21 Jul What does your Millennial Leader think about Politeness?
“Encourage Millennials to be polite– it fuels your sales growth efforts.”
~ Danita Bye
“Is it disrespectful to interrupt someone when I have a ‘brilliant’ idea that just can’t wait? I didn’t realize!”
“As a group, we don’t value punctuality as much as the previous generation, and we don’t think of it as being disrespectful.”
I think it’s okay to check my iPhone in the middle of a meeting. I do it very discreetly.”
Does this sound familiar?
I often hear about the frustrations and challenges CEO’s and business owners experience as they coach and mentor their future sales hunters to grow their business. One of their complaints is that Millennials don’t know the meaning of the word, politeness.
What does your up-and-coming sales leader say about politeness?
POLITENESS is the fourth action step to help you develop Respecting Others as part of your Relationship Wiring.
Our RESPECT acronym (react, encourage, sensitivity, politeness, extraordinary kindness, considerate, timeliness) is a useful guide to model respect and collaboration to your Millennial sales leader.
Being polite means having good manners, which are often neglected in our fast-paced high-tech society. For example, does your up-and-coming sales leader remember to do the simplest things, like saying please and thank you? The list of “how to be polite” is endless, but today I’m focusing on a crucial aspect, the sales conversation with a new prospect. This first introductory conversation can make or break the beginning of the sales process.
Here are 3 action steps to use as you coach and mentor your emerging sales leader on conducting a polite conversation with a new business prospect:
1. First Impressions Last
Encourage your Millennial leader to smile, shake hands firmly and make eye contact when greeting a new prospect. Have you experienced how your body language and tone of voice weigh much more than the actual words of your conversation? Give your inexperienced sales leader the opportunity to practice this important first meeting with a more experienced colleague so that it is second nature by the time the meeting with a new prospect takes place.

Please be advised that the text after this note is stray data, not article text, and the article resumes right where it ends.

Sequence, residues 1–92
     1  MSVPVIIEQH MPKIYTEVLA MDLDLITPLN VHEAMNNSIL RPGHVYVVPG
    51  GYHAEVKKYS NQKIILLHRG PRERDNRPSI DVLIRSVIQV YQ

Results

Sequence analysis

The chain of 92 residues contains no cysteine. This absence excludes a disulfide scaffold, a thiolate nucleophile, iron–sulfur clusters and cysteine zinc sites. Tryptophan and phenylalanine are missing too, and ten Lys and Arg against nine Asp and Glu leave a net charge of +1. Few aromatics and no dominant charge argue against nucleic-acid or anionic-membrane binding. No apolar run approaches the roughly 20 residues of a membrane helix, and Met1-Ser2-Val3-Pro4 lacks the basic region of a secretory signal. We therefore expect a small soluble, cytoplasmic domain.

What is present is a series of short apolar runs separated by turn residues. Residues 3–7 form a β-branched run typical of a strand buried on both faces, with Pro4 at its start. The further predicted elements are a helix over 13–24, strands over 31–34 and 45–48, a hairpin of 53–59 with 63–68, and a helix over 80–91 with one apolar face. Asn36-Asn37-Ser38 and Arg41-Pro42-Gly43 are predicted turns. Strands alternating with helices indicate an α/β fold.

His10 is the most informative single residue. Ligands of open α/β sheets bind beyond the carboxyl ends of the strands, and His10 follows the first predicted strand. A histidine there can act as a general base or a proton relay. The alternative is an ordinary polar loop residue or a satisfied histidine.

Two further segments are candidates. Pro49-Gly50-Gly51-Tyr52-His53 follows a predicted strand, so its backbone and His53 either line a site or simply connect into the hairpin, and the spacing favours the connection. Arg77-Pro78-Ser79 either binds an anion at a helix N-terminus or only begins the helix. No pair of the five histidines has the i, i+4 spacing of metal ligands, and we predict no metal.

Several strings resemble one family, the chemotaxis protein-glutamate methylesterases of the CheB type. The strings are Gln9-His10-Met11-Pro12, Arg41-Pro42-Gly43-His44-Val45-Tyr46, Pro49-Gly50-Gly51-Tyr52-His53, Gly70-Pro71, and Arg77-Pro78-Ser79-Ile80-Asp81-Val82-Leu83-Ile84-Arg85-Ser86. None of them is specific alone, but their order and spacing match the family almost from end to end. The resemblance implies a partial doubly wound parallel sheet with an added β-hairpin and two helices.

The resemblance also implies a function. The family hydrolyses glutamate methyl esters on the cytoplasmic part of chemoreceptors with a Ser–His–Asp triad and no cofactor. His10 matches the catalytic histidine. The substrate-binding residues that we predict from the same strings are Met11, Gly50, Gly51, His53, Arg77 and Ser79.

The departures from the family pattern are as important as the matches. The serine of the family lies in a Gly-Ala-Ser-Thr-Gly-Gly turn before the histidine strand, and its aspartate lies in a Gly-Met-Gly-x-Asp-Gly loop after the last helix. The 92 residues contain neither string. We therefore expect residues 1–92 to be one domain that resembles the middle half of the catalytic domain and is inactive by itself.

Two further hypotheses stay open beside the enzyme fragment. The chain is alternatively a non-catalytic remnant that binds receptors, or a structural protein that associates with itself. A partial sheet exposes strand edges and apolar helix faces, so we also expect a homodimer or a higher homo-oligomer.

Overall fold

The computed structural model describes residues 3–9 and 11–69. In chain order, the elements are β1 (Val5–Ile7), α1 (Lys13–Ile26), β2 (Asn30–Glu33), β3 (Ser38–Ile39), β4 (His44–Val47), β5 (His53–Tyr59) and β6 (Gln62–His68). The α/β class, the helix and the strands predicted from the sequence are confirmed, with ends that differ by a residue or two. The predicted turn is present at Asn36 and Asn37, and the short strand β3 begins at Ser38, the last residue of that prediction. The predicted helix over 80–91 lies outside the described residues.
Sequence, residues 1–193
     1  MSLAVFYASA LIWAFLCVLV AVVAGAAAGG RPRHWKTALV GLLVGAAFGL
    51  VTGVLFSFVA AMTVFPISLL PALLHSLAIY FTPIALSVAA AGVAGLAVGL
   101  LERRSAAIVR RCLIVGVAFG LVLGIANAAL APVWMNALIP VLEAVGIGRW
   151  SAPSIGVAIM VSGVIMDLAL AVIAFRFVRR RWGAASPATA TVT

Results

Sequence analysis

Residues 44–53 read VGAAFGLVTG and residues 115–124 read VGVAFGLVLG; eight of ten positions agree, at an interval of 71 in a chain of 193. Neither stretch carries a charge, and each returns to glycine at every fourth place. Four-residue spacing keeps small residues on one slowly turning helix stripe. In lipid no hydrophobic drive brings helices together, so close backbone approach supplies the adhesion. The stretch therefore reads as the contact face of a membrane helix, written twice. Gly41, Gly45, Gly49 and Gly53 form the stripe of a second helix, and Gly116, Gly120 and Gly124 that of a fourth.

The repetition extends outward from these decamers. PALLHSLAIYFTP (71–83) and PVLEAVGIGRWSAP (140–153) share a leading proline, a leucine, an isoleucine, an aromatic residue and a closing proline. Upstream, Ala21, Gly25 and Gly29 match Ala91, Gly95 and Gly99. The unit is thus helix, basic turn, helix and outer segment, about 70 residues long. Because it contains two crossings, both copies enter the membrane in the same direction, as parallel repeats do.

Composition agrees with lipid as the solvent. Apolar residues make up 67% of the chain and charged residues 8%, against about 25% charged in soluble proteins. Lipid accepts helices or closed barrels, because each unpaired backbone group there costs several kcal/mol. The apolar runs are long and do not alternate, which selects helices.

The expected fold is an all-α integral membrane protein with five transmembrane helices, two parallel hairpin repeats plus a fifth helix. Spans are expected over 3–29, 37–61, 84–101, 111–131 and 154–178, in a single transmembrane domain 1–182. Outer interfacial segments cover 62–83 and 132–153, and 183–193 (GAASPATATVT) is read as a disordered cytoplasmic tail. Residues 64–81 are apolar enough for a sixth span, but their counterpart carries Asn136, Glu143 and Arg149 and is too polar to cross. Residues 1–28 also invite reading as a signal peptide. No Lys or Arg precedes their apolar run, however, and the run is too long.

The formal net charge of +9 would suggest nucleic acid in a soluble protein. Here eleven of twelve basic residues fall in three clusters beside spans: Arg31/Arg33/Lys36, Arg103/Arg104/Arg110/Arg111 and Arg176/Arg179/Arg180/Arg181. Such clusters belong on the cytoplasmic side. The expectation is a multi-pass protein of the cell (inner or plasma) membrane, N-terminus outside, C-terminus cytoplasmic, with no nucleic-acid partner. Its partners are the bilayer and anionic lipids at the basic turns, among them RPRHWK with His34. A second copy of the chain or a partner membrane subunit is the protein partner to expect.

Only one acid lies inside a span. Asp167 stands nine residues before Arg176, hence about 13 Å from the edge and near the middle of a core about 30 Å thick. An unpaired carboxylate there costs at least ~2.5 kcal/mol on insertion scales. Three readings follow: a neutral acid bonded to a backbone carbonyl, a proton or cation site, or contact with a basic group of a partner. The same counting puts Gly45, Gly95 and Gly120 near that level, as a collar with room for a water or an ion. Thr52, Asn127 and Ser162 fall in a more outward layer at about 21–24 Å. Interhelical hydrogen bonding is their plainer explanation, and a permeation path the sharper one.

2. Multitasking is a myth
Our brains were not designed to multitask. Many researchers are now referring to multitasking as a myth. They say it’s only an illusion that we are doing more than one thing at a time. We are in actual fact switching from one task to the other. Some people are better at it than others, leading them to believe they are “good” at multitasking. In the end, it’s counter-productive and energy sapping, let alone not a very polite thing to do. For example, tell your up-and-coming sales leader that it’s a rule that all phones should be switched off during meetings – and make sure you always stick to the rule at all times.
3. Don’t Interrupt
Interrupting a new prospect, even when your sales leader has a brilliant idea, is not only impolite, but it kills sensitivity, rapport and commitment. Remind your up-and-coming sales leader to allow the prospect to fully voice his or her fears, pains and needs, while listening carefully to what is being said. Our Sales GPS Program includes a coaching component that focuses on strategic listening and mastery to increase the competencies of your sales people. Listening is an important skill to mastery, which is part of the Hunting, Qualifying and Closing Competencies. Check out this Free Sales Test to see how your sales person scores on these competencies.
To read the series from the beginning go here
Politeness improves our relationships with others. It will help your up-and-coming sales leader to build rapport with colleagues and clients. This positive behavior will be noticed and complimented and in turn boost his or her self-esteem and confidence to crack new accounts.
In the next post, I’ll tell you how Extraordinary Kindness, the fifth word in our acronym, RESPECT, can assist your Millennial to nurture respectful relationships.
Leadership lesson: Politeness improves relationships and will increase the capabilities of your sales leader so that he or she can consistently meet and exceed your strategic growth objectives.
Leadership question: What is your Millennial sales leader’s understanding of being polite?
© Copyright Danita Bye, 2017